I ended up doing it a bit differently when we were drilling, as I like to get control of the shoulder and head. I diverged at the point after you switch your grip on their trousers. Instead of getting my elbow to the floor and turning, I preferred to either reach across their neck and grab the gi, or better, reach under their head, grip the far armpit then lock my shoulder into their head/shoulder.
Either way, I then shrimp away and turn to try and come on top. With your grip on the knee, stiff-arm so they can’t lock their half-guard (if they do lock their half guard, this puts you in the opposite side half guard pass position, so proceed from there). Free your leg and move into side control.
The other option is to go to deep half, then do the Homer Simpson sweep to come on top and pass. This starts off the same as before, but the difference is that when they try to come on top, they’ve been a bit more canny and locked their heel into your far hip. That is going to make it more difficult for you to reach the top position. Instead, shove that leg between yours (either bridge and push it in between, or kick your far leg and swivel it round to trap their leg).
Pinch your knees, also stepping your near leg behind their bottom knee. Alternatively, you can hookin your near leg around the back of their top knee. Shrimp away, then curl your near hand underneath their butt, leading with the back of your hand. Use that to bump them off balance, turning into deep half. Hold onto their knee and turn it outwards, run around with your legs (this is the ‘Homer Simpson’ part of the sweep), then spin to come on top (be careful they don’t underhook your arm, as that’s awkward) and pass. I’m not a fan of deep half as I put it in the category of “flashy stuff that is too complex for me”, but this is probably the most basic application, so something I’m willing to try.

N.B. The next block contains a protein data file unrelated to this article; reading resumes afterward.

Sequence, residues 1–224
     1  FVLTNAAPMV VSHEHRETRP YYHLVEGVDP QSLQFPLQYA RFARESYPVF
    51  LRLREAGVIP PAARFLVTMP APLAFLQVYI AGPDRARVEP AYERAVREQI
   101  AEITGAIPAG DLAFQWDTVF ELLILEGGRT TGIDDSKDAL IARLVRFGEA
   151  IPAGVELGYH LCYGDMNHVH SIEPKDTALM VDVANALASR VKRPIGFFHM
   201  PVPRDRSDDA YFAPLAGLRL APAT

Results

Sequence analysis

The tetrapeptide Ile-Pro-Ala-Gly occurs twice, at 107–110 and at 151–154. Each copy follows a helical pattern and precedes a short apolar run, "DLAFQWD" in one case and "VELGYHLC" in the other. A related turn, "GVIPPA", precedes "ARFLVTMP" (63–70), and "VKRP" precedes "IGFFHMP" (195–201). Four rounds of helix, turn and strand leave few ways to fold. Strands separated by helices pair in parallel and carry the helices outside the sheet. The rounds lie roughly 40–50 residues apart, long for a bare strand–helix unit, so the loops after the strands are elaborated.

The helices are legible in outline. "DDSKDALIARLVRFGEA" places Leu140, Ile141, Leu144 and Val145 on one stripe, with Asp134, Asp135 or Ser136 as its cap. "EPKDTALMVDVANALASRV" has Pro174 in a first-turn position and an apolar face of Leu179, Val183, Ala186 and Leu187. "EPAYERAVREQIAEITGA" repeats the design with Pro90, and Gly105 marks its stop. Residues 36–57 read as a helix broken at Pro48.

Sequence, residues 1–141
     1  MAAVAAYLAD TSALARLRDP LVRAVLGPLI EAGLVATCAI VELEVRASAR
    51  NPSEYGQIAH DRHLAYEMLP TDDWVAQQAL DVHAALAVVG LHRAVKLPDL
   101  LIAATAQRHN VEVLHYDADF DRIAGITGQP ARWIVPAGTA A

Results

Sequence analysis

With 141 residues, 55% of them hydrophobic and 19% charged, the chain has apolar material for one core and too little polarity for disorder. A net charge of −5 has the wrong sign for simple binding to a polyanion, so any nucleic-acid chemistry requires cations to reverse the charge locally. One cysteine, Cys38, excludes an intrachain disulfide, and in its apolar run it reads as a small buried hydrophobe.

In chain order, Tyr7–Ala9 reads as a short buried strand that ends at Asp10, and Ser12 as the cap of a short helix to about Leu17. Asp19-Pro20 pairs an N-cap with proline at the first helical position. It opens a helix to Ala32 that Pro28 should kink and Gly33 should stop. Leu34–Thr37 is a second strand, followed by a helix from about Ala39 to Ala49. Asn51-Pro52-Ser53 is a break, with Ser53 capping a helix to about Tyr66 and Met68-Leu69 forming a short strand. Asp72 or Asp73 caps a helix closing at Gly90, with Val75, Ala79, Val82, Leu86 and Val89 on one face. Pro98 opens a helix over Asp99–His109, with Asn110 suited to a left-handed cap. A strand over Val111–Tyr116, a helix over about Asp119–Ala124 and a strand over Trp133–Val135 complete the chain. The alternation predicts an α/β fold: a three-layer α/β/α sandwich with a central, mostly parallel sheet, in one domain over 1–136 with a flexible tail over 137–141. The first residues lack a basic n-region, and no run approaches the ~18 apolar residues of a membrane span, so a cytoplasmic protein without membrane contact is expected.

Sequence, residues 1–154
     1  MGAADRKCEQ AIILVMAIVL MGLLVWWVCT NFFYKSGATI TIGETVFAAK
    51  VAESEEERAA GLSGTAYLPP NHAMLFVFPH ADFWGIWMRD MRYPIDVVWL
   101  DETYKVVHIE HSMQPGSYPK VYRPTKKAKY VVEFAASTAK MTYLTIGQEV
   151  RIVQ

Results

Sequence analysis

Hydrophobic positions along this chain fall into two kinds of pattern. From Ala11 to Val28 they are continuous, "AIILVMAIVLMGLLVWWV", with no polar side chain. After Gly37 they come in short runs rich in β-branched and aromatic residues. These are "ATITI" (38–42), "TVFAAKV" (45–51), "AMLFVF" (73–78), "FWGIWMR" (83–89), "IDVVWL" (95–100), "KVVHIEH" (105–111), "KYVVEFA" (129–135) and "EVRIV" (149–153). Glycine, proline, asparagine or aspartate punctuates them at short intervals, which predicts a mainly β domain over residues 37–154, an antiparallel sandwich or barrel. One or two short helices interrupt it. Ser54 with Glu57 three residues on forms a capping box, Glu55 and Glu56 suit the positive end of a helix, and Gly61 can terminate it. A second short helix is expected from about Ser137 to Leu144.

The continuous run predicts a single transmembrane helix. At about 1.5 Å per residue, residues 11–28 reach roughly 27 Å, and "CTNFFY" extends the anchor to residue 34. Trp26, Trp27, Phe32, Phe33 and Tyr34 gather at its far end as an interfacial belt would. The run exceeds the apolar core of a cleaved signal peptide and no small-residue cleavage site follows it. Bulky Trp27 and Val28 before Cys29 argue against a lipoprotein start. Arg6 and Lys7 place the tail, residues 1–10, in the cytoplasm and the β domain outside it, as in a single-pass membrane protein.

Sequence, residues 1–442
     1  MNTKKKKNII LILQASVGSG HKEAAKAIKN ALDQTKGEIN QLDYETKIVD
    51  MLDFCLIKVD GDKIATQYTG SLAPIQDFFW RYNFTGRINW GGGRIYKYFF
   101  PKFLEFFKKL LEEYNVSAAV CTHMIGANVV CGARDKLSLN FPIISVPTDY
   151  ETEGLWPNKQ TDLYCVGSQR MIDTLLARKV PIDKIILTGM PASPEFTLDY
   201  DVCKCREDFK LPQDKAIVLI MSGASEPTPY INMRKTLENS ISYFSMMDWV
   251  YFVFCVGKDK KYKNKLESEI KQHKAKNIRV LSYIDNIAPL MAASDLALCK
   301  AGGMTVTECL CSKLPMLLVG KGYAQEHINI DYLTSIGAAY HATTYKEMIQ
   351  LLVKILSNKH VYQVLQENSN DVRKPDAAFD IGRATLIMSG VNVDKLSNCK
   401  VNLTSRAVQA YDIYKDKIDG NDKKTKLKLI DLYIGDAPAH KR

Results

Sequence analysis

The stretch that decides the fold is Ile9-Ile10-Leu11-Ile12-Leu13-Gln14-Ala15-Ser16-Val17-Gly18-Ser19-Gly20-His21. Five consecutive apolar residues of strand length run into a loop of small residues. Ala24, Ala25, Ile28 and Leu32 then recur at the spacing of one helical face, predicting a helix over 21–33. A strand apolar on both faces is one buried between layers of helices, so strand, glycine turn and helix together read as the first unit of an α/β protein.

When you come on top, you can go into a useful knee cut/single underhook pass position, which allows you to go for either pass depending on their reaction. I think that’s in the Gracie University stripe 1 lesson on passing, which I should take another look at (also reminds me I still haven’t reviewed the guard chapter I bought ages ago, so will have to get round to doing that at some point.
I headed straight over to Jamie’s lesson afterwards, which continued the side control escape theme from this week. There was a chance I’d get to practice the back escapes, but then last time Geeza taught a GB Fundamentals on side control escapes, you stopped specific sparring as soon as they were able to turn to their knees, so probably not.
Gracie Barra Bristol, (BJJ), Nicolai ‘Geeza’ Holt, Bristol, UK – 20/08/2012
Due to an increase in my writing workload, it’s been a few months since I last made it to a Monday or Friday class. Those have always been the busiest days: I’m not sure if that is because those are the longest established, or the ones advertised as ‘Gracie Barra Fundamentals’. Either way, Geeza is clearly doing an incredible job of getting the word out, as tonight there were almost fifty people on the month. The number of children training at the club has increased so much that Geeza is able to offer a separate kid’s class, which his son Oli is currently running (although I think he is off on a work placement or something soon, so Luke will be taking over. Which is cool, as Luke is a good teacher).
It was also good to see about five women on the mat too, although the upstairs changing room hasn’t been designated as the women’s changing room yet. Hopefully that will happen soon, as even two women is too many for the current small shower room allocated to Gracie Barra Bristol’s female members. Perhaps in future there might even be enough for a separate women’s class, which would be great, as that’s a good way to help build up the numbers in a less intimidating environment (e.g., like the classes Chrissy used to run at her club in Virginia).
Geeza was busy, so passed the warm-up over to me. I’ve never run a warm-up with a class of almost fifty people, so that was an interesting experience. For a start, I couldn’t just say “do breakfalls down the mat” as normal, because due to the numbers it wasn’t as obvious when everybody had been: my classes tend to get between six and twelve people, so this was around five times as many students as I’m used to. 😉
It has been a long while since I’ve made it down on a Monday, so I’d almost forgotten that the fundamentals class always kicks off with some self defence. As I’ve mentioned many times before, that’s by far my least favourite part of BJJ, because I find it neither interesting nor useful, given that self defence techniques are never tested against resistance in a sparring situation. Still, I should probably start to pay a bit more attention, as apparently some people do like learning it.